Super Mario Bros. is one of the most influential video games of all time, and has gone on to inspire countless titles over the years. While the vast majority of these subsequent games have tried to capture the magic which made Shigeru Miyamoto's NES classic so popular, Westone Bit founder Ryuichi Nishizawa has revealed that he was driven to create the first Wonder Boy title due to his dislike of Nintendo's seminal platformer.
Speaking in an interview in Sega Mega Drive/Genesis: Collected Works, Nishizawa said:
I think what motivated me was Super Mario Bros. for the Famicom. It was a huge hit in Japan at the time, but I just didn't like it. The game had a very bad control system. Some people say that was its strength, but I still hate it, even to this day. The movements just didn't feel right. To put it simply, the game was frustrating. I wondered why it wasn't more exhilarating, and that spurred me on to make Wonder Boy.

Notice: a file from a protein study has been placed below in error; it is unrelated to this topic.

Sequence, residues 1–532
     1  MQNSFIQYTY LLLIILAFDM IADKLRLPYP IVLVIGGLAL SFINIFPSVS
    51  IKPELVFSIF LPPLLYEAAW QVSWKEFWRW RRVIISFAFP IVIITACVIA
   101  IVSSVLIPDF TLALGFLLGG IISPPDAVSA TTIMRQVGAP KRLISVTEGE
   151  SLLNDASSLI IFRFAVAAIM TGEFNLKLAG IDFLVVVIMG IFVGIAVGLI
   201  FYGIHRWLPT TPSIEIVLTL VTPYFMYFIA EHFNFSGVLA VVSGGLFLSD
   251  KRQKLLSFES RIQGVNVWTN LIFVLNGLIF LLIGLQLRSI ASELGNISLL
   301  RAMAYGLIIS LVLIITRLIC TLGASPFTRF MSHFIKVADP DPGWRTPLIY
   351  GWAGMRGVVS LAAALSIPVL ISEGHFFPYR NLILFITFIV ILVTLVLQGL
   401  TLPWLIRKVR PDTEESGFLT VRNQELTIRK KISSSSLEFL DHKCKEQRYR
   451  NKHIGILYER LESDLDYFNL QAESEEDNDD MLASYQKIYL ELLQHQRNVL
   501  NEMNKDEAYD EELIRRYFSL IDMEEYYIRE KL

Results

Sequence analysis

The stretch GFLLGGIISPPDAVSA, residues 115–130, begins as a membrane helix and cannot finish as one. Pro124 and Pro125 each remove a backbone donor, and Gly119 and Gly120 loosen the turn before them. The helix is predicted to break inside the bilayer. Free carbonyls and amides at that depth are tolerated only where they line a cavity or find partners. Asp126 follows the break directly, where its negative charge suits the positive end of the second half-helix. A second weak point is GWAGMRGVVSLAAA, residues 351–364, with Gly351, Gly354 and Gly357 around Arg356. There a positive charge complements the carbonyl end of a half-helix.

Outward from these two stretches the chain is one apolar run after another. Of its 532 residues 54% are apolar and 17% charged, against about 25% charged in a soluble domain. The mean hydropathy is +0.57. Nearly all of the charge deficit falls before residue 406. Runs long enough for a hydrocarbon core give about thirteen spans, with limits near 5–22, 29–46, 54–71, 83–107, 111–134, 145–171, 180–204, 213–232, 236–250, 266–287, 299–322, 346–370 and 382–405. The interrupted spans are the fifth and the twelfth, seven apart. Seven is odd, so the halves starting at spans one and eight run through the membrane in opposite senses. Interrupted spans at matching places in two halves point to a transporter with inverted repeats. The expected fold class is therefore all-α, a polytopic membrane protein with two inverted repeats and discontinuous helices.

Wonder Boy would go on to star in several sequels both at home and in the arcade, most of which moved away from the straight platforming theme of the original and stepped into action RPG territory. Nishizawa's studio Westone Bit has recently run into financial problems.
Do you think Nishizawa's comments have merit? Even today, it's not uncommon to see newcomers struggle with the controls in retro games like Super Mario Bros., where the character has a unique inertia which needs to be managed in order to succeed. Do you think such controls are what allow for skilful play, and that Nishizawa is mistaken? Share a comment to let us know.